Cressida (moon)

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Cressida
Discovery
Discovered by Stephen P. Synnott / Voyager 2
Discovery time January 9, 1986
Orbit
Avgdistance from the center of its orbital path 61,766.730 ± 0.046 km[1]
How egg-shaped its orbit is
("eccentricity")
0.00036 ± 0.00011[1]
How long it takes to complete an orbit 0.463569601 ± 0.000000013 d[1]
Angle above the reference plane
("inclination")
0.006 ± 0.040° (to Uranus' equator)[1]
What it orbits Uranus
Size and Other Qualities
Measures 92 × 74 × 74 km[2]
Average distance from its center to its surface 41 ± 2 km[2]
Area of its surface ~20,000 km²[3]
Volume inside it ~260,000 km³[3]
Mass ~3.4×1017 kg[3]
Average density ~1.3 g/cm³ (assumed)
Gravity at its surface ~0.013 m/s2[3]
Slowest speed able to escape into space
("escape velocity")
~0.034 km/s[3]
How long it takes to turn around one time synchronous[2]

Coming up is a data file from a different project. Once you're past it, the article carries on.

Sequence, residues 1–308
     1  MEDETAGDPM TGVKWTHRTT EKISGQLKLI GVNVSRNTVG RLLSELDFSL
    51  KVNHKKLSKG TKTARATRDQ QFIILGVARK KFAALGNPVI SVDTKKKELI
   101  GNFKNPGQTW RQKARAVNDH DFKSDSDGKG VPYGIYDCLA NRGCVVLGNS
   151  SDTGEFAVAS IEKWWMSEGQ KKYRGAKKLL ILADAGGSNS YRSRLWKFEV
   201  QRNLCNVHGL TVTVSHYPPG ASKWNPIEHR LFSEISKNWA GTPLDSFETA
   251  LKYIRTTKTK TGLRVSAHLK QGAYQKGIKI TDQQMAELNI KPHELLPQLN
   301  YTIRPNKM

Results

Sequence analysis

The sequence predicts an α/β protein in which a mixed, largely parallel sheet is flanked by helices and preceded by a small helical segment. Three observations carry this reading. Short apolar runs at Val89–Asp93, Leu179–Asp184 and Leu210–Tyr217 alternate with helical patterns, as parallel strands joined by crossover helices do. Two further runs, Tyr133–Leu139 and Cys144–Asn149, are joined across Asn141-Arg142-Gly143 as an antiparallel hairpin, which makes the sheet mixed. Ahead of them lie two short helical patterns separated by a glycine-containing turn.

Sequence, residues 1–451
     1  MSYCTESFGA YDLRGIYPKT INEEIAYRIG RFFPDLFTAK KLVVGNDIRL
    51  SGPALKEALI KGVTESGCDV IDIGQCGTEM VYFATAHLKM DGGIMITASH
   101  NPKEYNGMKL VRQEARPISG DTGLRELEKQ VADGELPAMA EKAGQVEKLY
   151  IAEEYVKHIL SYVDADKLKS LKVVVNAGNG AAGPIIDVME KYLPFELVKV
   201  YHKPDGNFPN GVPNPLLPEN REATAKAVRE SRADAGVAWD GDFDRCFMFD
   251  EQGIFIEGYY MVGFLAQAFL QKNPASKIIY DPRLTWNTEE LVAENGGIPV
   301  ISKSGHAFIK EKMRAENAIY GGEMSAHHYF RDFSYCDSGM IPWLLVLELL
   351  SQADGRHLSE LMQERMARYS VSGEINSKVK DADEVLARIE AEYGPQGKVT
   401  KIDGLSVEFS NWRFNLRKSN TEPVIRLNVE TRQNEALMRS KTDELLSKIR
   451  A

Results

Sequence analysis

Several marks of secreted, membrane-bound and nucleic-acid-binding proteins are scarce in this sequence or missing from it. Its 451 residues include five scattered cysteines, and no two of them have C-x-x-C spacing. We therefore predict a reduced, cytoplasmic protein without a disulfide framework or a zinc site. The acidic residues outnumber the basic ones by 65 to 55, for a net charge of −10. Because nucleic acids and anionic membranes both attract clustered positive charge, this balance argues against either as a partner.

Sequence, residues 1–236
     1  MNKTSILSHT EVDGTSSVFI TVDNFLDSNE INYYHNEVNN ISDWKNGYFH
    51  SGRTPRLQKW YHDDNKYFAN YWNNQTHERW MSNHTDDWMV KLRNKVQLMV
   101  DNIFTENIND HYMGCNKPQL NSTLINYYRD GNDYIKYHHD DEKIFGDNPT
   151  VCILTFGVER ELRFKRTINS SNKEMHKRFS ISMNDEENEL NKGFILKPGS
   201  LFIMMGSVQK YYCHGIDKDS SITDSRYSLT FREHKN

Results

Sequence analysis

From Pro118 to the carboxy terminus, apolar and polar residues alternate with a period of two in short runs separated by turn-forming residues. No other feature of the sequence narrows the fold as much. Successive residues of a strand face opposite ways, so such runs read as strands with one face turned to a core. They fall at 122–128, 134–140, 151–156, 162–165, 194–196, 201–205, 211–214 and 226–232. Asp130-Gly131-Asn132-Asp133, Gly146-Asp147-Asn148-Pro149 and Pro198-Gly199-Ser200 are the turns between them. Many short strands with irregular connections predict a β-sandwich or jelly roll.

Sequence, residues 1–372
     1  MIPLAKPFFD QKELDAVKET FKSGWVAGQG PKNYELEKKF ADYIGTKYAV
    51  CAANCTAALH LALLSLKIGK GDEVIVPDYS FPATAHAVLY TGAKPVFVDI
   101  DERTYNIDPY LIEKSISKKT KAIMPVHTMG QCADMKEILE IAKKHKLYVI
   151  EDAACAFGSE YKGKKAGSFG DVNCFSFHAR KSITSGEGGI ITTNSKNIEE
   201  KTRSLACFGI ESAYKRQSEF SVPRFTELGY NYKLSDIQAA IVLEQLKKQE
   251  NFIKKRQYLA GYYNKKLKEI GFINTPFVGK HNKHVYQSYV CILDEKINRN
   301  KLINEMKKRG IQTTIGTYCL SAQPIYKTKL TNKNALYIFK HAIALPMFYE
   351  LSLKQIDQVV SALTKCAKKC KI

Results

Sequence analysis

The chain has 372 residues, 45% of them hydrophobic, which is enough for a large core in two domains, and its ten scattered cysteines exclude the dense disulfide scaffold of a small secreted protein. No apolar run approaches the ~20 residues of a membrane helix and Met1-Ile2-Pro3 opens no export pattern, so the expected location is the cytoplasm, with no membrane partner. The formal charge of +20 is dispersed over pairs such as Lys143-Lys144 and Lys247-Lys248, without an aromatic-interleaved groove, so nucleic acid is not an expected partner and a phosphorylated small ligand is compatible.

Angle at which it turns
(in relation to its orbit)
zero[2]
How much light it reflects 0.08 ± 0.01[4]
Avg. surface temp. ~64 K[3]
Uranus-Portia-Cressida-Ophelia-NASA.gif

Cressida is a closer moon to Uranus. It was found from the images taken by Voyager 2 on 1986-01-09, and was given the designation S/1986 U 3.[5] It was named after the Trojan daughter of Calchas, a tragic heroine who appears in William Shakespeare's play Troilus and Cressida (as well as in tales by Geoffrey Chaucer and others). It is also designated Uranus IX.[6]

Cressida belongs to Portia Group of moons, which also includes Bianca, Desdemona, Juliet, Portia, Rosalind, Cupid, Belinda and Perdita.[4] These moons have similar orbits and photometric properties.[4] Other than its orbit,[1] radius of 41 km[2] and geometric albedo of 0.08[4] almost nothing is known about it.

At the Voyager 2 images Cressida appears as a stretched object, the major axis pointing towards Uranus. The ratio of axises of the Cressida's prolate spheroid is 0.8 ± 0.3.[2] Its surface is grey in color.[2]

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